EETimes reports that MIT has a new catalyst that makes electrolysis nearly 100% efficient in a cost effective way. This would make storage of intermittent power from solar and wind more cost effective. CNET also has coverage
MIT had recently developed special glass panels that concentrate light 40 times standard sunlight before delivery directly to the cell. They expect this technology to be commercialized in three years.
In other solar power news, from the New Scientist magazine, a new material could harness both visible and infrared photons, so it has a theoretical maximum efficiency of 63%, it creators say, and should give significantly better real-world performance. Current solar cells absorb visible light and have a maximum efficiency of about 40%. They add titanium and vanadium atoms into a conventional semiconductor, altering its electronic properties to create the intermediate energy level. It may prove challenging to insert enough titanium or vanadium to form a properly functioning intermediate energy level in the semiconductor.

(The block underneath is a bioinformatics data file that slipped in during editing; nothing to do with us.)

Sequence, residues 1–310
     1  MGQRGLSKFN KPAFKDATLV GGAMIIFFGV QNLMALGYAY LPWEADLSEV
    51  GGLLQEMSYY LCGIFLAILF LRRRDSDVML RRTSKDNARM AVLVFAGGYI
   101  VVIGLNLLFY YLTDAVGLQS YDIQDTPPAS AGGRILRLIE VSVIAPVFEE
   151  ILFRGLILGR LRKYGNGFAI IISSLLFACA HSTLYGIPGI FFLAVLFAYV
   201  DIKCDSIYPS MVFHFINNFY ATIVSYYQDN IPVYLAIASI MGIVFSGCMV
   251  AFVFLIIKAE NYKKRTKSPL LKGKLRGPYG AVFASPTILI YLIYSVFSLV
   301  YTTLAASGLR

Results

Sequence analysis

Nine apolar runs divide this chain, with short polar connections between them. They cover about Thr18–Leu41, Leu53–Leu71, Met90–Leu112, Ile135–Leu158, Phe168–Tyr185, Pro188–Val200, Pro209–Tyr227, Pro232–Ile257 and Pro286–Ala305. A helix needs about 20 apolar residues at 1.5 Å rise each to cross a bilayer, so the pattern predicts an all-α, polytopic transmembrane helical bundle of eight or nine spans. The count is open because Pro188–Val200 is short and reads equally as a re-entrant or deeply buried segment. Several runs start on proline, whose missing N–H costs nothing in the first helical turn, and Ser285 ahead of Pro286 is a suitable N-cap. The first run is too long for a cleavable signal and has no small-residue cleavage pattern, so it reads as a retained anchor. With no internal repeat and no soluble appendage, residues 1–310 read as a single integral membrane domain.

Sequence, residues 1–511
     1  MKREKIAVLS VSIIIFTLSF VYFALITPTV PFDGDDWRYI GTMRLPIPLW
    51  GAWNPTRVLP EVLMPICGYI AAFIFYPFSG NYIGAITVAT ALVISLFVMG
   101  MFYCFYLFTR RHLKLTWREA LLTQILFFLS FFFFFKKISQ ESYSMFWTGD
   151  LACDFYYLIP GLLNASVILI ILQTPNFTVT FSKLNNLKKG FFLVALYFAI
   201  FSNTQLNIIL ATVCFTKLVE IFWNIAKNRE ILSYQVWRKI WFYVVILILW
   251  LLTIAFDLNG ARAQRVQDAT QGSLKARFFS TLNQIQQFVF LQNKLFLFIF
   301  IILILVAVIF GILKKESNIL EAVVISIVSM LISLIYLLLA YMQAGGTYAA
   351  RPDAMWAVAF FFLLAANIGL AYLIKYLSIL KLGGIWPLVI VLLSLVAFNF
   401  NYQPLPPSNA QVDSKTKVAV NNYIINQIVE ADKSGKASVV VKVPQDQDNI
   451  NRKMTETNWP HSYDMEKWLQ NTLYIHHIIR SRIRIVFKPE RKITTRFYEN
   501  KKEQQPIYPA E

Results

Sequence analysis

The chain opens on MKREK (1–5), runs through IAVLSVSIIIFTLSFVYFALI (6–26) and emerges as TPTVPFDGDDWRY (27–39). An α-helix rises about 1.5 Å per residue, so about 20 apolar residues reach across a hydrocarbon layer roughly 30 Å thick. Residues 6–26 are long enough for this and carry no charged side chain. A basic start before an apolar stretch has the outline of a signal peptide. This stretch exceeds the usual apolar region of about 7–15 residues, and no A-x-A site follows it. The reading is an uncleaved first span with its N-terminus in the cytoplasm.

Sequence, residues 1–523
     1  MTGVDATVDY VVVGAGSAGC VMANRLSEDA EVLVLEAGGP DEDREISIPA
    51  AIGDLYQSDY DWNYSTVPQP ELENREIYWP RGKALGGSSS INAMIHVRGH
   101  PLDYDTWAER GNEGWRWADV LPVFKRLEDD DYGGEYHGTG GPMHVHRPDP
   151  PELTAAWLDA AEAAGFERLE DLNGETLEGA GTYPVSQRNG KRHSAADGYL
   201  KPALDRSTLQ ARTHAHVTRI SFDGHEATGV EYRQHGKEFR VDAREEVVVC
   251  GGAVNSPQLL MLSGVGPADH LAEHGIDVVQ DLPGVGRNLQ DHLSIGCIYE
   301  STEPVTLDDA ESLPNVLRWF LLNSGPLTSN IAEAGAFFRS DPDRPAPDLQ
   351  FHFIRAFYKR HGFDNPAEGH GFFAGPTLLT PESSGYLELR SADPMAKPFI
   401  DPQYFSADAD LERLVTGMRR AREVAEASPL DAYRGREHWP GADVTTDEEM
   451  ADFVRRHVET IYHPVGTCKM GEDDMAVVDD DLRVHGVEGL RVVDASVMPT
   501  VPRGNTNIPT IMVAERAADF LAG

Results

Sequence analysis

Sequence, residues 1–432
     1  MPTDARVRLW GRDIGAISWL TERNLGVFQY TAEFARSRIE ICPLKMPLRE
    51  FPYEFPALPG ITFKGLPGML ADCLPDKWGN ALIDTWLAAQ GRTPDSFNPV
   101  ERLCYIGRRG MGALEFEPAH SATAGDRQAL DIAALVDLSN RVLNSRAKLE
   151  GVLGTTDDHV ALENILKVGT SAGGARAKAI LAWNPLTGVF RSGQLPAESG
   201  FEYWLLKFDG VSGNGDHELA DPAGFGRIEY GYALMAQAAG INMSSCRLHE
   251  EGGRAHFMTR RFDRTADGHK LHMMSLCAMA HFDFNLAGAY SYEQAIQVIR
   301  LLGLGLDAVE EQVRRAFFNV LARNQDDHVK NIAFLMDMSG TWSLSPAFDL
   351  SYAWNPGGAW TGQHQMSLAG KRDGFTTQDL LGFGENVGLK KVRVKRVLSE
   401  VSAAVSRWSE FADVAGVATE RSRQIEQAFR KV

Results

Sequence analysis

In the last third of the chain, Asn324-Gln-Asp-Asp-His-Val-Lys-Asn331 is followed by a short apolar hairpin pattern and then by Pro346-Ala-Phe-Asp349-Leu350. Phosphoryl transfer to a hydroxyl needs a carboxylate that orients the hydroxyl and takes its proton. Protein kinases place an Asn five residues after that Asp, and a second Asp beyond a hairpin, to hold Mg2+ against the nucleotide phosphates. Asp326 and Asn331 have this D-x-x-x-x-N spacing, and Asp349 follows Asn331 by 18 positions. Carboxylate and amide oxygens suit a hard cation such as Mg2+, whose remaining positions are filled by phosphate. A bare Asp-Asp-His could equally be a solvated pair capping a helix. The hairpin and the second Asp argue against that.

The hard part of getting water to split is not the hydrogen — platinum as a catalyst works fine for the hydrogen. But platinum works very poorly for oxygen, making you use much more energy,” said MIT chemistry professor Daniel Nocera. “What we have done is made a catalyst work for the oxygen part without any extra energy. In fact, with our catalyst almost 100 percent of the current used for electrolysis goes into making oxygen and hydrogen.”
MIT’s patented formulation of cobalt phosphate was dissolved in water. When the electrical current is passed through it to initiate electrolysis, the catalyst attached itself to the oxygen electrode to increase its efficiency. When the electrical current was turned off, the cobalt phosphate dissolved back into water.
Nickel oxide catalysts are currently used to boost the efficiency of electrolyzers, and they worked equally well in MIT’s formulation, Nocera acknowledged. He added that the toxicity of nickel oxide forces the use of expensive, hermetically-sealed water containers. MIT’s patented catalyst formulation is “green,” Nocera said, and can be used in inexpensive open containers.